Our View: The truth
Readers of The Washington Post on Tuesday had to navigate to the bottom of commentary penned by playwright Janet Langhart Cohen (author of “Anne and Emmett”) to ascertain her message. To wit:
“I hope President Obama will speak not just to black people or just to white people but to the good people in America. We can never have racial reconciliation without discussing the truth.”
OK, “the truth.” Fair enough. But, to swipe — or, more precisely, channel — a line from a noteworthy ’90s-era movie (not so ironically, a courtroom drama), can we “handle the truth”?
Assorted leftists, race-hustlers, and just plain ignorati, sounding off in the wake of Saturday’s verdict in the George Zimmerman trial, suggest we can’t. They intimate that America, for all the talk of its alleged evolution into a “post-racial” society, remains in many ways as intolerant and repressive as ever. Perhaps that’s why, in the past 72 hours, we’ve seen Emmett Till and Trayvon Martin mentioned in the same sentence, as if to say Mississippi is still burning (albeit in Florida), and we’ve not advanced that far from the ’50s.
Really? That’s “the truth” these folks think we can’t handle? Well, if we can’t, it’s because said “truth” does not boast veracity’s tell-tale ring. The “real” truth can be witnessed in myriad polls that indicate America has made great strides — metrically as well as in attitude — in the 50 years since Dr. Martin Luther King Jr. delivered his “I Have a Dream” speech.
But then, we — Americans of all hues — hardly need polls to verify what we instinctively know, believe, and feel in our bones. The truth? We don’t need President Obama to tell us about it. We are living it.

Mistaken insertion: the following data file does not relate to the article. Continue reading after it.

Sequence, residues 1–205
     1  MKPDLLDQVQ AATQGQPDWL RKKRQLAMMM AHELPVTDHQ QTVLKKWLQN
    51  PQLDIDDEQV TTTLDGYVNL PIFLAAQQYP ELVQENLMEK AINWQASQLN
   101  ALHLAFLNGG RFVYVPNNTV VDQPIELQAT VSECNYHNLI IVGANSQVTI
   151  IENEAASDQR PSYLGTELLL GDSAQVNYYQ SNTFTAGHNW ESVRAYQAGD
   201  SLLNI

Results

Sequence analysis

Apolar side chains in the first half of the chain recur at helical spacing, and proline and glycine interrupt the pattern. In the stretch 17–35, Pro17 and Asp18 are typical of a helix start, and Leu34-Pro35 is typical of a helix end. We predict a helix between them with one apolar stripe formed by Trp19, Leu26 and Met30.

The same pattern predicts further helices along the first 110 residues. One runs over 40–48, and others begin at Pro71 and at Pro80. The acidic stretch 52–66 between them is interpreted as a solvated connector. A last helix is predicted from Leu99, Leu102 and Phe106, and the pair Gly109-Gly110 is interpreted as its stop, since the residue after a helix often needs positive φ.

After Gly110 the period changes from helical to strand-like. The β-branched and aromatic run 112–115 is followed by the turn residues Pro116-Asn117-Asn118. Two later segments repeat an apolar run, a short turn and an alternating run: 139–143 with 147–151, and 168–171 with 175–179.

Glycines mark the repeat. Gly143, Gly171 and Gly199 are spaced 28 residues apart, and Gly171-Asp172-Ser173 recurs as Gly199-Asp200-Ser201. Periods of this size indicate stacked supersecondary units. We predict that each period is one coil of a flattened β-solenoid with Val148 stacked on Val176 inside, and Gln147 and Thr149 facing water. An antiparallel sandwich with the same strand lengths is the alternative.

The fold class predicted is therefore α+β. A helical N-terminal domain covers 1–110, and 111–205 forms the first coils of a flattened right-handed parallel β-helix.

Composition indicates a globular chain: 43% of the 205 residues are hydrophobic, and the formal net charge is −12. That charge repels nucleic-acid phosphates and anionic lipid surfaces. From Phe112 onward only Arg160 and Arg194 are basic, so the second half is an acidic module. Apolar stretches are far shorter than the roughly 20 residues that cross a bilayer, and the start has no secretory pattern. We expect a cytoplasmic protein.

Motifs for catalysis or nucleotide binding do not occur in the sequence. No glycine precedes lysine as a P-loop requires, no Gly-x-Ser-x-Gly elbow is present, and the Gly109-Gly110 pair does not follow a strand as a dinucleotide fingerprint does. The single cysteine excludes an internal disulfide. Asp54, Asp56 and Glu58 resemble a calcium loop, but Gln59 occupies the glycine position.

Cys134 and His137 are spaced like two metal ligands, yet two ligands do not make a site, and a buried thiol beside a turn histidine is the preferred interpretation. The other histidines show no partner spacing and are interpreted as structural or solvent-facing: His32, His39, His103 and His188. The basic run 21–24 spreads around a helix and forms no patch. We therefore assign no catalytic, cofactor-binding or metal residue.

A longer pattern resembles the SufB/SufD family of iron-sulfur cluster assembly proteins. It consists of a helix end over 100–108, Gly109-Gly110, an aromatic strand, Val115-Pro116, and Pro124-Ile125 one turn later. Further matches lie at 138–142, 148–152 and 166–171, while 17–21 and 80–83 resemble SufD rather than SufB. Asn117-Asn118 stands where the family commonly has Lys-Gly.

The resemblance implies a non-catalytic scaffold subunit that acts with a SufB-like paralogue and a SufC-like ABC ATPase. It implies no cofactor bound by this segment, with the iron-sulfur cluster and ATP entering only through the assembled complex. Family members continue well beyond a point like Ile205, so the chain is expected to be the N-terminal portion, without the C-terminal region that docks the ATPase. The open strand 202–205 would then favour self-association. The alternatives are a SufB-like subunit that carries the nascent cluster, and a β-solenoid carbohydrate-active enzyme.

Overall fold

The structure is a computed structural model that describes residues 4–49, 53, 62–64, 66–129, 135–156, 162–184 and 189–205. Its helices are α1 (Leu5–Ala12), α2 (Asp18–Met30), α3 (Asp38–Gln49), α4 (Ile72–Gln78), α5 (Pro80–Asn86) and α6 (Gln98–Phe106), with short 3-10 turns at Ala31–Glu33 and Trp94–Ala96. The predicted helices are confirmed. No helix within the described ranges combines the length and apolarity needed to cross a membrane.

Or as Washington Times scribe Charlie Hurt, who grew up near Danville, in one of the deeper recesses of the Old South, has written, “The vast, vast, vast majority of Americans who have moved on and effortlessly integrate with others of different races in school, at work, and on the street can be forgiven if we have a hard time keeping up with all this fixation on race that remains in some quarters.”
Precisely, because deep inside we — Americans — know better. We know enough to reject the divisive bombast of an Al Sharpton and to subject the more nuanced declarations of, say, Attorney General Eric Holder to the unforgiving light of genuine perspective.
Earlier this week, Mr. Holder, still intending to launch (at the very least) a civil-rights probe of the acquitted Mr. Zimmerman, had this to say:
“I want to assure you that the Department will continue to act in a manner that is consistent with the facts and the law. We are committed to standing with the people of Sanford, with the individuals and families affected by this incident, and with our state and local partners in order to alleviate tensions, address community concerns, and promote healing. We are determined to meet division and confusion with understanding and compassion — and also with truth . . . We will never stop working to ensure that — in every case, in every circumstance, and in every community — justice must be done.”
Hmmm. Sincere sentiment, or rhetoric intended to deflect public attention further away from Benghazi, the IRS, the NSA, and Mr. Holder’s own Justice Department? We sincerely question how much more “truth” might be obtained in the Zimmerman case, particularly given that the FBI months ago concluded that young Mr. Martin’s civil rights had not been violated that rainy evening early in 2012.
We mentioned perspective a few paragraphs ago. If Mr. Holder truly wants to “alleviate tensions, address community concerns, and promote healing,” he may wish to ponder a comprehensive study compiled by Justice in 2005, years before he arrived, that revealed this startling comparative statistic: Blacks comprised but 13 percent of the U.S. population that year, yet accounted for 49 percent of all U.S. murder victims. And 93 percent of these black victims were killed by other blacks.
Yes. That’s 93 percent. While the number of violent crimes across America may have subsequently decreased, we maintain the proportions have not changed significantly, as recent Fourth of July blood-letting in Chicago suggests.
Thus, it may behoove Mr. Holder and other “top cops” not to obsess on a solitary case already decided by a jury and, instead, direct their energies toward fighting crime where these wars still rage. That would indicate truth recognized — and “handled.” About race as well as about crime.